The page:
As of tomorrow, my husband will no longer be a member of the media.
This is a very strange notion to me because the man has been a reporter longer than he has been my husband. His first newspaper job was at a tiny little publication run by a hard-working staff of about ten folks who literally did everything from running the presses to writing the ad copy. It was the money from that first job that bought my engagement ring. Over the years, he steadily moved up the newspaper food chain, finally landing his current spot five years ago. When we moved here, this was to be just one more rung on the ladder; two years, and we'd be moving on to bigger and better yet again, we thought.
And here we are half a decade later ... putting down the closest thing to roots that our family has ever had. By the time Jo was five and a half, she had called five different places (and three states) home. In comparison, Logan took his first steps in this house. He has slept in the same bedroom since shortly before his first birthday. I never dreamed of this kind of stability from my journalist husband.
A new venture for him means no new adventures for us--not for a while at least. He is leaving behind the media job and striking out into the unknown territory of public relations for a rather ambitious, successful young political hot shot. He's a little nervous as to what this means but, hey, it has to be better than the last three years or so of reporting. Frankly, I'm a little nervous, too. I've never stayed put for so long before. What if my ever-present shadow of homesickness threatens to overtake me? What if I get bored of the landscape? What if my children decide once and for all that they are Washingtonians?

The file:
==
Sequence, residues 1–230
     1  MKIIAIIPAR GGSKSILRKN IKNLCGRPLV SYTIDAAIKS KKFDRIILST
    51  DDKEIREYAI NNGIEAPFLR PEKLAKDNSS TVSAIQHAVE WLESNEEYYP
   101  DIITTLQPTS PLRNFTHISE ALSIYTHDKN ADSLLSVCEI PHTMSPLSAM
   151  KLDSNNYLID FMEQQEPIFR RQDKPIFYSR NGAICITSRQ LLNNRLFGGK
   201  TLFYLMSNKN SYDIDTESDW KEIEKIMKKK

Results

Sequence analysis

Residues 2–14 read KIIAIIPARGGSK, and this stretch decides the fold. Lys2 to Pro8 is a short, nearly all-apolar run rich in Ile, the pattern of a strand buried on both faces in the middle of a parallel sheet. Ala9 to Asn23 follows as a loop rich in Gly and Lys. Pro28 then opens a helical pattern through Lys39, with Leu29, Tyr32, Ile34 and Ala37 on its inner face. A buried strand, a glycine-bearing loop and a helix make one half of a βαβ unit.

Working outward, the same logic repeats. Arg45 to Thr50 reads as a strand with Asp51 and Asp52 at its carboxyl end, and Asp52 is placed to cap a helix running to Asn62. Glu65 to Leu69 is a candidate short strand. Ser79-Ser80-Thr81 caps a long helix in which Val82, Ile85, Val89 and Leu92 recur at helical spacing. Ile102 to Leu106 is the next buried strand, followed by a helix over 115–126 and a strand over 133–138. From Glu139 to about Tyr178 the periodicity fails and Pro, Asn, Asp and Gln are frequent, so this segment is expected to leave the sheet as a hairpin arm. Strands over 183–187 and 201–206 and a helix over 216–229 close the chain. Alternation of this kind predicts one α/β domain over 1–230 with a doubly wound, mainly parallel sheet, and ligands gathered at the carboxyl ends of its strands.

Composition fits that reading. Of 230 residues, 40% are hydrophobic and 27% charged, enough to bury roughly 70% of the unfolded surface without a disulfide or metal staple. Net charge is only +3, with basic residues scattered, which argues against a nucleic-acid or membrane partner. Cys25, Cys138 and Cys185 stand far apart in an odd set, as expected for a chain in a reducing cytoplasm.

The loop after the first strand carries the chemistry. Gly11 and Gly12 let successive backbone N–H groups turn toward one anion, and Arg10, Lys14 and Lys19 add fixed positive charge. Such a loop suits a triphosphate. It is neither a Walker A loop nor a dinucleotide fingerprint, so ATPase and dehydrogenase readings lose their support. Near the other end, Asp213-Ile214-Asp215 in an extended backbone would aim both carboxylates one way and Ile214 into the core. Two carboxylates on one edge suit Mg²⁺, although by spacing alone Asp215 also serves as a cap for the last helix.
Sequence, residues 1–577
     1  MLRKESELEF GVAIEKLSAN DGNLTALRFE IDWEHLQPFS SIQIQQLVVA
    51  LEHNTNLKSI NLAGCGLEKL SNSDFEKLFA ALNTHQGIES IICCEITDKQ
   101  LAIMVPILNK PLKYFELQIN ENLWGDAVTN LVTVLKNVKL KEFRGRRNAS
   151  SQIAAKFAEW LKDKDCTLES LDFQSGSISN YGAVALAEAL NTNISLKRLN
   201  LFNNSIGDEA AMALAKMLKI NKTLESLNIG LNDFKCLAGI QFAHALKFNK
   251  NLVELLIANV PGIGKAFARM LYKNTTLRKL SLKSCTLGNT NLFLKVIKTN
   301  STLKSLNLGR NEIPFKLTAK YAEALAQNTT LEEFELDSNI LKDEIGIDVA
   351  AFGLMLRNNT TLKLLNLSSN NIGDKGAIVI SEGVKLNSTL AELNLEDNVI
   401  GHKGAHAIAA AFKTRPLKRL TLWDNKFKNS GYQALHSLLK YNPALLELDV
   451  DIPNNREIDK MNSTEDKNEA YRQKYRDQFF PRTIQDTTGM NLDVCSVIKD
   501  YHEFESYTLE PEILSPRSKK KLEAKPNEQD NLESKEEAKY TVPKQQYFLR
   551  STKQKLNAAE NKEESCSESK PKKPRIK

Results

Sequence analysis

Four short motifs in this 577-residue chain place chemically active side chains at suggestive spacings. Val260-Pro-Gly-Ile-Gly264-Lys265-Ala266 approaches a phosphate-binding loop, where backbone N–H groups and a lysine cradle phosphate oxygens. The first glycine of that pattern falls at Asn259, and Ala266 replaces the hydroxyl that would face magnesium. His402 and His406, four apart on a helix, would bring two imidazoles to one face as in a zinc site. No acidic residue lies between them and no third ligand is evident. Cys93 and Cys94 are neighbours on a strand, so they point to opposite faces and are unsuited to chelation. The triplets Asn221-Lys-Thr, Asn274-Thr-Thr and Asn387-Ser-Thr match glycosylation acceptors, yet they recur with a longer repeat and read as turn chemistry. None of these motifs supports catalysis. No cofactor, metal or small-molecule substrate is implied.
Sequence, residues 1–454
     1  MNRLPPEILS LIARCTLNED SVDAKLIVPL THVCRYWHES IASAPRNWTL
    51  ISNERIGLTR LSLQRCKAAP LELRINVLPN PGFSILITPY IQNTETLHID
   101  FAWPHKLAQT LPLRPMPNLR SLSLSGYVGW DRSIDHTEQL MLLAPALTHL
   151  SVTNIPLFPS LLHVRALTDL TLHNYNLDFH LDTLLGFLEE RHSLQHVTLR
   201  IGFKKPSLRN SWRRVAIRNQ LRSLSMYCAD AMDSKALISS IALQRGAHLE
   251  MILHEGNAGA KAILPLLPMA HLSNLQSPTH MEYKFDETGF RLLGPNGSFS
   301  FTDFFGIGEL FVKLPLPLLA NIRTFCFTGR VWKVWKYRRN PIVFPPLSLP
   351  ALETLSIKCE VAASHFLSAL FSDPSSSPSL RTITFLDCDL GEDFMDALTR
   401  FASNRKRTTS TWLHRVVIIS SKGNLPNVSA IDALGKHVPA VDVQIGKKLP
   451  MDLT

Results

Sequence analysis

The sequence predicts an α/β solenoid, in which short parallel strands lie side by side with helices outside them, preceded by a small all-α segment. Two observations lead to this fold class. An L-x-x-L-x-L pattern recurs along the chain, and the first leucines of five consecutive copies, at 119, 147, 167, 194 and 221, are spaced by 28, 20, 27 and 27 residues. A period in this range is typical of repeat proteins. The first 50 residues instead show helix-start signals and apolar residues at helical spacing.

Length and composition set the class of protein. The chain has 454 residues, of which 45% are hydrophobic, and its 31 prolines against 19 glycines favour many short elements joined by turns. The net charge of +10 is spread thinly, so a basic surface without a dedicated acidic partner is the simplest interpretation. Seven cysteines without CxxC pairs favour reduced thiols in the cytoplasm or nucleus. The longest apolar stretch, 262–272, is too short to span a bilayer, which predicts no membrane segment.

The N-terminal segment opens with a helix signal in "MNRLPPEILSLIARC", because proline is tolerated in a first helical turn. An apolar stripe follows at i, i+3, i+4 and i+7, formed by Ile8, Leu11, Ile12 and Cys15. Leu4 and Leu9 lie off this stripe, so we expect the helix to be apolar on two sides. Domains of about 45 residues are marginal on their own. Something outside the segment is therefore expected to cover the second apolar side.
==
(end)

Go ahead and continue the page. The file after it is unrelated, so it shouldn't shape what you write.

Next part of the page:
I don't know what the next few years will look like. Heck, I don't know what the next few weeks will look like. But looking back, I had no idea what the future would hold when I accepted that .25 karat diamond from a man making $14,000 a year, either. All I knew was that I loved him, and that the joy of being together was worth whatever it took to make sure his was the face I saw every morning when I woke up. I still feel that way... with or without the title "staff writer."